Rev. Andrew (Drew) Christiansen, S.J., was Distinguished Professor of Ethics and Human Development in Georgetown’s School of Foreign Service and a senior fellow at the Berkley Center for Religion, Peace, and World Affairs from 2013 until his death in April 2022. His areas of research included nuclear disarmament, nonviolence and just peacemaking, Catholic social teaching, and ecumenical public advocacy. He was a frequent consultant to the Holy See and a member of the steering committee of the Catholic Peacebuilding Network. He also served on the Atlantic Council's Middle East Task Force and on the Holy See delegation that participated in the negotiation of the Treaty on the Prohibition of Nuclear Weapons during summer 2017.
On October 27, 2019, Pope Francis closed the three-week-long Synod for Amazonia. Both within and without the church, the synod has drawn criticism. Pope Francis’ traditionalist opponents, with deep pockets from the United States, mounted a blitz in the conservative media, and they won the attention of the mainstream media who could not resist memes about a heretical pope.
In Brazil and beyond, the wealthy revanchist group Tradition, Family, Property (TFP) mounted its own assault on pope and synod on behalf of entrenched interests. In the 1960s and 70s, TFP opposed Pope Paul VI’s support for land reform and later the Latin American bishops’ Option for the Poor led by Brazilians bishops including Hélder Câmara of Recifé and Cardinal Paulo Evaristo Arns of São Paolo.
It is an old story, repeated time and time again since the sixteenth-century European conquest of the Americas. In the sixteenth century, Bartolomé de las Casas struggled to defend the indigenous people of the Caribbean and Mesoamerica from the savagery of the conquistadors and the enslavement and predations of land-grabbing colonists.
During the Zapatista rebellion of the late 1990s in Mexico, indigenous evangelicals came down from the mountains to defend Samuel Ruiz, the Catholic bishop of San Cristóbal de Las Casas in Chiapas State, against threats from local ranchers. They came, they said, to protect “their bishop,” who had also defended their rights.
In 2000 Mario Higueras, a Mennonite leader, told the International Mennonite-Catholic Dialogue that in his country the peace church was not his own Mennonite Church, famed for its pacifism, but the Catholic Church on account of the bishops’ defense of the poor and indigenous. Two years before, shortly after delivering a report on atrocities and rights violations, especially against indigenous peoples, during the 1960–1996 Guatemalan Civil War, Bishop Juan Gerardi had been assassinated. Catholics and evangelicals are both divided and united by defense of indigenous people and their lands.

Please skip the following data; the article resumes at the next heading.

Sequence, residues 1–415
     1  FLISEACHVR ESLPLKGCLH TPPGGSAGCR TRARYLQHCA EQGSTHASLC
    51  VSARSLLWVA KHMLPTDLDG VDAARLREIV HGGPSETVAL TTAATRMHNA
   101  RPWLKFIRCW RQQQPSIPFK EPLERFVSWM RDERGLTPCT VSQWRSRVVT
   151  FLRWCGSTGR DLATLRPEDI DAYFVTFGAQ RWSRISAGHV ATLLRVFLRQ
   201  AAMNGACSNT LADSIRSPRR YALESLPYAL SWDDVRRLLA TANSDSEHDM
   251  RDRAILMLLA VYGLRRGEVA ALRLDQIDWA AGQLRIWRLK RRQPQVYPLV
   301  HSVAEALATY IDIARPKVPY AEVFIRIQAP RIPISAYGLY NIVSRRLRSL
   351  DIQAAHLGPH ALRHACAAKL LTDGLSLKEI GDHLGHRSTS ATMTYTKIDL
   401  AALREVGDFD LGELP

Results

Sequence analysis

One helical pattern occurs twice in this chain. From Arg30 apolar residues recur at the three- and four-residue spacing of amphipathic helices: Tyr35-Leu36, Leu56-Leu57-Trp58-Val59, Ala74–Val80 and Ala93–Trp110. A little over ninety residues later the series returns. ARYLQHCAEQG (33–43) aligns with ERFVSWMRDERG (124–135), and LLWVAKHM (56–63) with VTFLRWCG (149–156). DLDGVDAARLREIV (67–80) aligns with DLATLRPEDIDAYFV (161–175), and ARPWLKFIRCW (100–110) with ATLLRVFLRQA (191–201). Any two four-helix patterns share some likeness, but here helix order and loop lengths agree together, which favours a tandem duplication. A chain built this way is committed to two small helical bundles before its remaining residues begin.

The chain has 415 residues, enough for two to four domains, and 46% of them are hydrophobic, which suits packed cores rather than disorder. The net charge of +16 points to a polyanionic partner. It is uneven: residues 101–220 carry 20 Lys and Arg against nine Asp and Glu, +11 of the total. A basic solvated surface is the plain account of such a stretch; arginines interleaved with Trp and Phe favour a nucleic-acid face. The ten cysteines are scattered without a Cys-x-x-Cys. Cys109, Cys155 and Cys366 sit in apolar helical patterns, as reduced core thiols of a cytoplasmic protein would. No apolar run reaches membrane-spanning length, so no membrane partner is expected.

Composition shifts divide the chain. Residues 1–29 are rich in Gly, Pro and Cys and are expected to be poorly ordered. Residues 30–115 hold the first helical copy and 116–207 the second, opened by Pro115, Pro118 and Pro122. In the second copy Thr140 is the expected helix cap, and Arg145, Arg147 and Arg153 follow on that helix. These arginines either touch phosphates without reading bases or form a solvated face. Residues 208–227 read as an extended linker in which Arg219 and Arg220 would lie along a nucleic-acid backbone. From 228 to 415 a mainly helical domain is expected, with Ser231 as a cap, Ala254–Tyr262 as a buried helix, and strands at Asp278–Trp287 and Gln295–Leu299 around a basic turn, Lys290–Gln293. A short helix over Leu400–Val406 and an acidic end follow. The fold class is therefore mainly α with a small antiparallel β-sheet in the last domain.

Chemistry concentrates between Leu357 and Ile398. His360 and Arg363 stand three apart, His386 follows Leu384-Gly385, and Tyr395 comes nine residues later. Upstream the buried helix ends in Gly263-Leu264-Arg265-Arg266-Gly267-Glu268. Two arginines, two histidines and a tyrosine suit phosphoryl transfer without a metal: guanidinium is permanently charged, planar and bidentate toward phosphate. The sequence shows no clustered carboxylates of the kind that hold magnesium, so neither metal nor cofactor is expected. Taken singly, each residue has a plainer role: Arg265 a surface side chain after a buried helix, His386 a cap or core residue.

Much of the division between evangelicals and Catholics is fanned by economic and political divisions. In Guatemala, for example, the late President Efrain Rios Montt converted to evangelicalism and later founded his own church out of political convenience.
During the Synod for Amazonia, one of the most moving expressions of the bishops’ concern came in an unofficial Pact of Bishops of the Catacombs for Our Common Home. As reported in the CNS documentary service Origins, the bishops “promised to defend the Amazon rainforest, to promote an ‘integral ecology’ of care for people and for the Earth . . . to live ‘a happily sober lifestyle, simple and in solidarity with those who have little or nothing.’”
“They made a renewed commitment,” reports Origins, to help the indigenous people of the Amazon to “‘preserve their lands, cultures, languages, stories, identities and spiritualities.’”
When, in a few weeks, Pope Francis issues his report on the synod, no doubt the well-funded culture wars will break out again. What can be done to overcome incitement and promote interfaith collaboration?
Common action should begin with opposing politicization of Christian social concern:
- Both Catholic and evangelicals should resist being drawn into conflict inflamed by political partisanship.
- Members of both communities should insist that journalists refrain from shallow reporting on the hot political memes of the moment.
- They should also pressure media outlets to report on the substantive issues and the positive engagement of church and popular groups, not just the whining of small minorities and the ups and downs of politics.
At the grassroots level, I suggest:
- Evangelicals and Catholics join denominational and interdenominational efforts to defend the environment and indigenous peoples.
- For U.S. Catholics that is the USCCB environmental justice program and the Catholic Climate Covenant.
- For evangelicals it is the Evangelical Environmental Network and the New Evangelical Partnership for the Common Good.
At the institutional level, church bodies and leaders should explore new initiatives. Here at Georgetown, we can do a number of things:
- Catholics and Evangelicals for the Common Good, an initiative of the President’s Office, might be reconvened in response to the Synod for Amazonia.
- The book of the same name might be updated, translated into Spanish, and shared in inter-continental dialogues of evangelicals and Catholics.
- Campus Ministry might bring together Catholic and evangelical students in educational and work trips during school breaks, studying and working with their counterparts from the nations of Amazonia.
With the Amazon still burning, Pope Francis invoked the fire of the Holy Spirit at the synod’s opening. “God’s fire,” the pope observed, “burns but does not consume (c.f. Exodus 3:2), it is the fire of love that illumines, warms and gives life, not a fire that blazes up and devours. When peoples and cultures are devoured without love and without respect that is not God’s fire, but the world’s.”
May God hear his prayer, and God’s people too, Catholics and evangelicals together.